4. Commercialization

Commercialization discussions with Partners continued with the objective to facilitate utilization of otherwise flared gas in GGFR focus countries through identification of projects and reduction of barriers. This has resulted in several items in the country work programs, such as work on market development and/or access, regulatory/legal/fiscal/incentives frameworks, and removal of associated gas utilization barriers. First country results on commercialization (Cameroon) are encouraging.

B. Progress on Countries

1. Initial GGFR Partners
Algeria
Work program activities include a countrywide associated gas utilization review and capacity building for carbon credits. The scope for these activities has been defined in detail and consultant selection is in its final phase. Implementation is set to begin in January 2004.

Angola
The detailed scope for the work program, including setting up a legal framework for associated gas utilization and clarifying the eligibility of the LNG export project for carbon credits, is being defined.

Cameroon
A study to establish whether associated gas can be commercialized through a combination of power generation, production of LPGs and condensate, and carbon credits is well underway. Preliminary results are encouraging, and a visit to Cameroon to discuss conclusions is planned before yearend.

Chad, Ecuador
The conclusion for the small-scale gas utilization studies in both countries was that it is possible to use associated gas on a small scale in an economically attractive manner. However, implementation depends on awareness and interest, and GGFR activities are now focused on raising these, and on discussing potential follow-up work. Follow up work is being planned in Chad to start in January 2004.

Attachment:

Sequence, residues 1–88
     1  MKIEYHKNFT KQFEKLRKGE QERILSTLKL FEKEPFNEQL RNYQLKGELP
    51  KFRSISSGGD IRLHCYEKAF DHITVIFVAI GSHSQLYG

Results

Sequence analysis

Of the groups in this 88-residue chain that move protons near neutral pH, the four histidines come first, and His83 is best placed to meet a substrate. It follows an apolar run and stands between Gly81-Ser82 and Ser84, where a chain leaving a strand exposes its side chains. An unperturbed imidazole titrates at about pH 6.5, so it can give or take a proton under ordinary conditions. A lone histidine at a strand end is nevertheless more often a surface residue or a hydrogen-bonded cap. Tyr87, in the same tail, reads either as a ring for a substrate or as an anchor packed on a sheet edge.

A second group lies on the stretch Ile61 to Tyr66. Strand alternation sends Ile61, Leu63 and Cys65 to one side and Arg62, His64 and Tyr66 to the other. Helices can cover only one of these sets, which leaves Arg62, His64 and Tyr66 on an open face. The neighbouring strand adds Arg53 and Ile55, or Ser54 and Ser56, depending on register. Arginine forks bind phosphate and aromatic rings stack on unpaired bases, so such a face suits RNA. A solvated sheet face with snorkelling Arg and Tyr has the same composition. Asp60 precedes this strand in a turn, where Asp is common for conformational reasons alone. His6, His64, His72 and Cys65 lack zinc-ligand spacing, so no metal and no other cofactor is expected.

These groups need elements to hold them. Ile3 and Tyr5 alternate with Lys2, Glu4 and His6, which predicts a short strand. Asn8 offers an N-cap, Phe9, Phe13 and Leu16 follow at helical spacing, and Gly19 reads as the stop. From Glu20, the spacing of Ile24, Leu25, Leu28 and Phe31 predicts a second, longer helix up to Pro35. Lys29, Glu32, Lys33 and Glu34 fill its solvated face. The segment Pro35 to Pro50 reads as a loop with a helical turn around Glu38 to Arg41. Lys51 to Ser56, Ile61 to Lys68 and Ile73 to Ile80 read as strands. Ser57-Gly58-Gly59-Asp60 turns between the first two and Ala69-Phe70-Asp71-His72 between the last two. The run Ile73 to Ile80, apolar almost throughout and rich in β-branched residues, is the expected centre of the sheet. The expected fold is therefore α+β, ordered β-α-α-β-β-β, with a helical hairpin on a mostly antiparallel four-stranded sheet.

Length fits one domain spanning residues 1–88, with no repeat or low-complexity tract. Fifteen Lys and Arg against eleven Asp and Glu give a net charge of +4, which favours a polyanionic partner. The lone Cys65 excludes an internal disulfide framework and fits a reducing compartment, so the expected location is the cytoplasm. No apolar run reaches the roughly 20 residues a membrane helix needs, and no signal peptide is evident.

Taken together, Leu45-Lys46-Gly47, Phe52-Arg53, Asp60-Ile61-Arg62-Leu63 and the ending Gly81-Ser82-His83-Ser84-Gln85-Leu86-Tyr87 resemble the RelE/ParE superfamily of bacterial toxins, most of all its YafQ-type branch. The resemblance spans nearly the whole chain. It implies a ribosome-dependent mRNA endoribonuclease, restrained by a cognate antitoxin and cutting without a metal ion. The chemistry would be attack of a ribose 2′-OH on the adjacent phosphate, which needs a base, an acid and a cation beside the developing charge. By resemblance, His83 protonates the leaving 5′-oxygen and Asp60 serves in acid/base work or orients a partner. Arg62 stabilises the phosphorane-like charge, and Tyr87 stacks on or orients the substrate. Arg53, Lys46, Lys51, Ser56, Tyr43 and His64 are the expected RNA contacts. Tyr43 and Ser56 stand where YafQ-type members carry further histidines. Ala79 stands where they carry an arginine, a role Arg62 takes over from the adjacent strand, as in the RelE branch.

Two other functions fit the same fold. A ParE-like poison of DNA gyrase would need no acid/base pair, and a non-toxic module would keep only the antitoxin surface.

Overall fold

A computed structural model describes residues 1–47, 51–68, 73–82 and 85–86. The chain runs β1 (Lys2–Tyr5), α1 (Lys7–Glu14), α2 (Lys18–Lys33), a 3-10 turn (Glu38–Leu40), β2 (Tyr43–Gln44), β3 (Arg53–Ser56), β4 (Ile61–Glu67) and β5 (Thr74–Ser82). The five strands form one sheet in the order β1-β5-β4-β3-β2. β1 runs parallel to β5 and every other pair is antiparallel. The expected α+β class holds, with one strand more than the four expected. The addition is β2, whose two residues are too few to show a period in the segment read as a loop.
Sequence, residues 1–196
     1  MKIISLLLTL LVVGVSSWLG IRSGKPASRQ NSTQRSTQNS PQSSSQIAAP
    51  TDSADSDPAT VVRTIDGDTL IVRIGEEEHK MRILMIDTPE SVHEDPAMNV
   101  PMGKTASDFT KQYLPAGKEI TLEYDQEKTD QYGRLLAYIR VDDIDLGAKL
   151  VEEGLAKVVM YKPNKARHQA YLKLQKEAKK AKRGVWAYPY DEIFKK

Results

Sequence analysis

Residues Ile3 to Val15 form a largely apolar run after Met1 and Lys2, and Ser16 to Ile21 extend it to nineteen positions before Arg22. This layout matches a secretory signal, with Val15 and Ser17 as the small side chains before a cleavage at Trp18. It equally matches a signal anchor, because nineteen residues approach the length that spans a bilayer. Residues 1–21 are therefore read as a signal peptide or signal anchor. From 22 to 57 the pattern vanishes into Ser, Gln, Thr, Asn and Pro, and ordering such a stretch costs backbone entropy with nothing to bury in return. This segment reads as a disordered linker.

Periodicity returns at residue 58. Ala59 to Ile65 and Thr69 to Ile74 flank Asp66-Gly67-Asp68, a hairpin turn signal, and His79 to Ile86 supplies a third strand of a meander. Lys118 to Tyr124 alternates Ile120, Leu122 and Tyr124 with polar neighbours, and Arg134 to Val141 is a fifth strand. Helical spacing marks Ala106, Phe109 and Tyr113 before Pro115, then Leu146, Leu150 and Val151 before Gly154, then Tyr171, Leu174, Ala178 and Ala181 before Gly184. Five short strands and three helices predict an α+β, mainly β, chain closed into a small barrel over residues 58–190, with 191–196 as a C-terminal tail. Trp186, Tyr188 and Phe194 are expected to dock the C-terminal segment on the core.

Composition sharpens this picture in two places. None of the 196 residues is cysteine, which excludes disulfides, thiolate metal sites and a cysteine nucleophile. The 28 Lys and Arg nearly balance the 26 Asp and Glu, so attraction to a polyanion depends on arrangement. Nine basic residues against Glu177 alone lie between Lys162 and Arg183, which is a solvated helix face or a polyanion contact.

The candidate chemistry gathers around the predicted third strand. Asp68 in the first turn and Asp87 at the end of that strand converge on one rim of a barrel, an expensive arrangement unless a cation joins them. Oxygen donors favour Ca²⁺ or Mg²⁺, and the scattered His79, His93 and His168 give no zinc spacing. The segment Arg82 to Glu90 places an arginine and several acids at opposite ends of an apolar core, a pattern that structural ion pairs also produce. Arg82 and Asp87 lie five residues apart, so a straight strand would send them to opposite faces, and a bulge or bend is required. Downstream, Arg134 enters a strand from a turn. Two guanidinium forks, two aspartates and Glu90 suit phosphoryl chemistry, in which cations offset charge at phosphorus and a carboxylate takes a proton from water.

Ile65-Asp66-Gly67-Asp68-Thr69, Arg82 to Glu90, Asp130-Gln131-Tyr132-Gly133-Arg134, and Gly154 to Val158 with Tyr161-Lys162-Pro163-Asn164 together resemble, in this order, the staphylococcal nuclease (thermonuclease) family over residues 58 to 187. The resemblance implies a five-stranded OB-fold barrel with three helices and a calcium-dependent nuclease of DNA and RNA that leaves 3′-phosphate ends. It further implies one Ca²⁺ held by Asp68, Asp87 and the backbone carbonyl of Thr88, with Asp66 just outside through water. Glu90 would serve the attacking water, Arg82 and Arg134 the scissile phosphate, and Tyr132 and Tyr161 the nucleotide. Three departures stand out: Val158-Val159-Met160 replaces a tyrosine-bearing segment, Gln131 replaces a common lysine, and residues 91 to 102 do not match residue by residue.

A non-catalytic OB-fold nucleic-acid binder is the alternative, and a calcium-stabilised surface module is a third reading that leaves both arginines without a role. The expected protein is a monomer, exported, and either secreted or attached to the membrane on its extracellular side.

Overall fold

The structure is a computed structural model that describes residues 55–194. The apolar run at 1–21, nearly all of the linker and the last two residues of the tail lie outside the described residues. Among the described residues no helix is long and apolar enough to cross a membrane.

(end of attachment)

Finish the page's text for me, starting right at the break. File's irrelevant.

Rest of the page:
Nigeria
The work program activities focus on the implementation of the gas sector strategy work and the development of a legal framework for the gas sector. This activity is now underway. In addition, the work on formulating a plan to develop the gas markets in Ghana, Togo and Benin for the West Africa Gas Pipeline beyond its foundation customers has started. Other activities are under review including local market development and gas utilization projects, including power generation, small-scale projects and LPG projects.

2. Additional target countries
Indonesia has decided to join the GGFR Partnership, and the proposed work program includes a countrywide review of associated gas utilization and carbon credit capacity building. A study on the flaring situation in Russia and possible benefits to the country of gas flaring reduction in terms of revenue, balance of payment impact etc. has started with results expected before the next steering committee. Venezuela was visited and a notional work program has been discussed. Discussions with Equatorial Guinea are planned during a conference focusing on the country in Houston in November. In the Middle East, Iran is the most significant flaring country and has invited Bank Operations to discuss flaring reduction assistance. GGFR will join the Bank mission currently scheduled in December 2003. Mexico and Brazil were visited previously.